We should look to Marx on the class character of the government, and the infamous Miliband-Poulantzas Debate for insight.
Since AOC has been elected, there’s been a lot of morphing perspectives about her on the Left. A lot of leftists have criticized her voting record, and her reticence to condemn some things that she probably should condemn. If you came to this post under the political presumption that AOC is as far left as one can get, this post might confuse you. But it is undeniable that AOC has voted for some things that run counter to what leftists expected.
As for people condemning AOC, I understand and agree with the criticism. I also totally understand why a leftist would support AOC (as I do), because, even though she doesn’t embody some type of worker’s revolution, she has brought left-of-Democrats politics to a mainstream audience, and that alone is good.
I notice most criticisms of AOC comes from the “revolutionary Left” (not sure what else to call it), for not falling in line ideologically. This confuses me though, because I would have thought criticizing her in this way makes more sense coming from democratic socialists. Criticizing specific votes of specific members of congress is more in line ideologically with reformist, parliamentarian leftism. You would think that the more people see electoral politics as the primary way to achieve socialism, the more they would care about how representatives vote.
In this post, I will argue that criticizing and admonishing AOC is not an approach Marxists should take. I will justify that argument by looking into the Miliband-Poulantzas debate, a debate about the class character of state governments.
The answer to how the Marxist Left should relate to AOC relates to the government’s class character. A basic, simple tenet of Marxism is that every government has class character. The feudal societies that predated capitalism had a government with feudal class character. They existed to prop up the feudal economic system, and, in fact, can only exist intertwined with the economic system. When the capitalist revolutions of the late 1700s and 1800s happened, they weren’t keeping the same government, but “slotting in” a new economic system. They overthrew the feudal government, because that’s inextricably tied to the economic system. The same is true for capitalist governments.
If we look at this idea on face value, we can conceptualize two different camps. One is the generally Leninist camp, which entails usurping the capitalist state and replacing it with a transitional socialist worker’s state. The other camp is the generally Kautskyite camp, which entails infiltrating the capitalist state apparatus and incrementally taking over those institutions.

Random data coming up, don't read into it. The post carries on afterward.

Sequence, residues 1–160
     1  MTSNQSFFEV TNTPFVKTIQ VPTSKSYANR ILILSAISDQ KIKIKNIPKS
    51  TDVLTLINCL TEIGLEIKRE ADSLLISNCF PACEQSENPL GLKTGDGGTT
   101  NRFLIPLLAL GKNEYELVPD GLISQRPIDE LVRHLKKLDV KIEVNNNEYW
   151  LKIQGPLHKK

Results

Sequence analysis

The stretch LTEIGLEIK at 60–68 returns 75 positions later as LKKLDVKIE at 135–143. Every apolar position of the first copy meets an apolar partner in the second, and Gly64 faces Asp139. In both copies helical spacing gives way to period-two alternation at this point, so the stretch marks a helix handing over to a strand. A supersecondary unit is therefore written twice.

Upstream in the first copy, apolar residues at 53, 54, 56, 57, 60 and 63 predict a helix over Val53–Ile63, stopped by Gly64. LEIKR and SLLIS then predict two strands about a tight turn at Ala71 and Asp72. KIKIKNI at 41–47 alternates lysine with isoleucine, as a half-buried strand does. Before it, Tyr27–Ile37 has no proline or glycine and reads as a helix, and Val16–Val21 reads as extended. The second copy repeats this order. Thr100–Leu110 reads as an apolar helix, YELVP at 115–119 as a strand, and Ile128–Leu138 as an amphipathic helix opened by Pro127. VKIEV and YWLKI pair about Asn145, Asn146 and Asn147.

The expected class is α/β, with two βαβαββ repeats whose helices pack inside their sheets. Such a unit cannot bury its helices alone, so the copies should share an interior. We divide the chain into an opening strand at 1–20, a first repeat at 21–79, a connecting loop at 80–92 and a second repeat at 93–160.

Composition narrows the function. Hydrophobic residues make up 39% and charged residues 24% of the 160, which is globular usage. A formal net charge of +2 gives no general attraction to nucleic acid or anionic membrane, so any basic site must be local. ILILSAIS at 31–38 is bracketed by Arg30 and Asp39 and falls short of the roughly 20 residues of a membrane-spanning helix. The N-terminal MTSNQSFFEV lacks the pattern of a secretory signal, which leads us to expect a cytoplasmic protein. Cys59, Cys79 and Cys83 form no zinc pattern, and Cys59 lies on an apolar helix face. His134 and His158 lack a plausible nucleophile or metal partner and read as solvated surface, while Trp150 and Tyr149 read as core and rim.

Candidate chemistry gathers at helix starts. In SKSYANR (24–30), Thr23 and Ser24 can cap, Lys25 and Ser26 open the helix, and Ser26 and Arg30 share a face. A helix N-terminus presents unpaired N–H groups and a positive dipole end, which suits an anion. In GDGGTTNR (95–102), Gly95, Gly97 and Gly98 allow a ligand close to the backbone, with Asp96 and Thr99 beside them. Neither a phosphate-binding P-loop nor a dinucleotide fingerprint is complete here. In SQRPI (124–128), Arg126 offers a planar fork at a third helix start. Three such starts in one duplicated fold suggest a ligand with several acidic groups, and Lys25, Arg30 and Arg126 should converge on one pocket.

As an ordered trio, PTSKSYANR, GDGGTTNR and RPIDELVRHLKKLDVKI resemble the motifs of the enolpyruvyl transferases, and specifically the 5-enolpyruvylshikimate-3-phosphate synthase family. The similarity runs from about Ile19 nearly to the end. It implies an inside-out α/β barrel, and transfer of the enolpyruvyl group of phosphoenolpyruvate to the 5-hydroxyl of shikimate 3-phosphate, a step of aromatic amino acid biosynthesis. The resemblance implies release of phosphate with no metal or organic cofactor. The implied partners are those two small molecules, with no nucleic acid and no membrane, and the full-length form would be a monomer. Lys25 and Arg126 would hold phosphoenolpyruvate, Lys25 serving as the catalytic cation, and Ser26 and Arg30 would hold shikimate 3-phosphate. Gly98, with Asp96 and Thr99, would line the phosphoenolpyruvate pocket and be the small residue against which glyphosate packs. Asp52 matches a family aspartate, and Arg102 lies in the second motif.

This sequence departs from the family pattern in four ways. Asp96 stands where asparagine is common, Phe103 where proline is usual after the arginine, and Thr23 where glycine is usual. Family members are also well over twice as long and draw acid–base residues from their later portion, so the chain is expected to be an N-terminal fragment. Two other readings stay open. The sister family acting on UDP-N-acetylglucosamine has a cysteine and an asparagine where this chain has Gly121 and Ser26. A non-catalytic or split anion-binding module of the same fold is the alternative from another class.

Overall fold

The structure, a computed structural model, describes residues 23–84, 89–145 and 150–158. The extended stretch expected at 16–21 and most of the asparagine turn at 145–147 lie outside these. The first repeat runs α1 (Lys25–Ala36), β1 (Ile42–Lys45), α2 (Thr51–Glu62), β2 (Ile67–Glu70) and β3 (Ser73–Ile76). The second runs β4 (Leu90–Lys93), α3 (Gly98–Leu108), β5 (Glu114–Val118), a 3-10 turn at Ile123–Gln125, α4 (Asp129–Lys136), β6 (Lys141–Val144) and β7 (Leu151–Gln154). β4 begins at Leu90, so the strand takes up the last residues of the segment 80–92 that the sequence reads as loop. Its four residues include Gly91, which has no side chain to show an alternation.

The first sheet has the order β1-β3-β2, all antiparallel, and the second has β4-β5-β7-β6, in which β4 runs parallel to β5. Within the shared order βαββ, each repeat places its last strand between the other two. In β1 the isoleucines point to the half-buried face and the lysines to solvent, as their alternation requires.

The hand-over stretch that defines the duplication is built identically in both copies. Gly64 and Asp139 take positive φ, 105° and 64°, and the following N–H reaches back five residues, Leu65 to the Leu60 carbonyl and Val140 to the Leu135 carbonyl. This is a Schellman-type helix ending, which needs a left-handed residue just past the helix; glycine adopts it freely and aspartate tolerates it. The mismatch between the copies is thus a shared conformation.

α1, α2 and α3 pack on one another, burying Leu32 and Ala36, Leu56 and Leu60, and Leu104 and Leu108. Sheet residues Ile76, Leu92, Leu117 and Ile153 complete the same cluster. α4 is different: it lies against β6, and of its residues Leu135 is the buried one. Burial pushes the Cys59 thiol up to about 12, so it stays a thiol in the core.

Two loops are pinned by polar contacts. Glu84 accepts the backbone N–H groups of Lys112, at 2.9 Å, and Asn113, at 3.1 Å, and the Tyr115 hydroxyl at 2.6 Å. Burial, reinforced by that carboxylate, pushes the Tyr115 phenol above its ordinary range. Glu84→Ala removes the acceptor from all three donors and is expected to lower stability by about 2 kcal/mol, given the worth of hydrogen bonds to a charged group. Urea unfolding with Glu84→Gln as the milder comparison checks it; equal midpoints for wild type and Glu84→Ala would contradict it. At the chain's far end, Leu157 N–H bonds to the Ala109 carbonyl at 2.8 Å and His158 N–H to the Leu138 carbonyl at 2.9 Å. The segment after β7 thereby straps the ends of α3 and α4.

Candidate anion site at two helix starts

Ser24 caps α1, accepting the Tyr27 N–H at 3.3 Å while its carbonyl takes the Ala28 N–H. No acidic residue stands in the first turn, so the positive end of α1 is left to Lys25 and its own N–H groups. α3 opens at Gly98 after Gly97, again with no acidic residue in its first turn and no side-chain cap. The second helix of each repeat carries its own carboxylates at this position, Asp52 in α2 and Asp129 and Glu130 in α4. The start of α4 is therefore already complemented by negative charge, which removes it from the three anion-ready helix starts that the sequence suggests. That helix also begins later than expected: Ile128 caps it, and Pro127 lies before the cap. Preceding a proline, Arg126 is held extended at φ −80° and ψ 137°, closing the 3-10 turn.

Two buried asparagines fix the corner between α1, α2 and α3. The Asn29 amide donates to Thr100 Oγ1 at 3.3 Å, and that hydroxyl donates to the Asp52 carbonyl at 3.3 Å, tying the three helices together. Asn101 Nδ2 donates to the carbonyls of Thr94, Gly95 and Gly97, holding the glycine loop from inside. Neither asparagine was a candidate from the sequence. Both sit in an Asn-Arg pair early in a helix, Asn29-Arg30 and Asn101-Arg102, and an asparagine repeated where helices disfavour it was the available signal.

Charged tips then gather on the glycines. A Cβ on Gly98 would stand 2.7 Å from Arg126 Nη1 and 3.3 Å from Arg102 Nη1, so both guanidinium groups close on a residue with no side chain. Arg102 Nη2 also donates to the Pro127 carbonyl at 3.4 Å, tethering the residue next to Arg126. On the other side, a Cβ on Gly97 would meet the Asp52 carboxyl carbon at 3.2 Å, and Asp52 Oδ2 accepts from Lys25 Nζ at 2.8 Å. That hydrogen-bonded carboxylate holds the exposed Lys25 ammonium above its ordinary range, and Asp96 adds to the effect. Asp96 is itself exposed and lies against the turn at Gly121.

The strange thing, however, is I would expect the second camp to be more opposed to AOC than the first camp. If you genuinely A) want socialism and B) want to use congressional processes to achieve that, shouldn’t you be devastated that your greatest hope partakes in compromise-based politics?
I don’t think AOC’s values and positions have changed, but the capitalist-political machine requires this type of compromise. The state is designed to reiterate and reproduce itself, which naturally flattens any singular, radical, disruptive presence within its apparatus.
If AOC was able to quickly assimilate into the quote-unquote Realpolitik of the congressional process, then doesn’t that call into question the presupposition that the class character of a congress can change?
Ultimately, I think the question of whether to support AOC, and who should do it, is tied specifically to the Miliband-Poulantzas Debate. This was a debate between British Marxist Ralph Miliband and Greek Marxist Nicos Poulantzas about how the class character of a government can change.
I have read big chunks of their debate, but I would recommend this blog post instead of the source material. The reason is, I tried to mine their debate for passages, but the way both of them write doesn’t lend itself to excerpt. They both, frankly, exemplify the stereotype of Marxists writing in an inscrutable way. Mark Murphy, who wrote that post for Social Theory Applied does a good job of giving a cursory understanding of their debate.
To illustrate the basic idea, Miliband claims that the reason capitalist governments have capitalist class characters is because members of the government are always, or usually, members of an elite class, or because they have close ties with the capitalist elite. The individual people who make up our government are capitalists or capitalist-sympathetic, so our government is capitalist. Poulantzas claims that a capitalist state government is objectively a part of the broader capitalist apparatus. Independent of the specific members of government, the state government is designed to continue replicating the capitalist structure.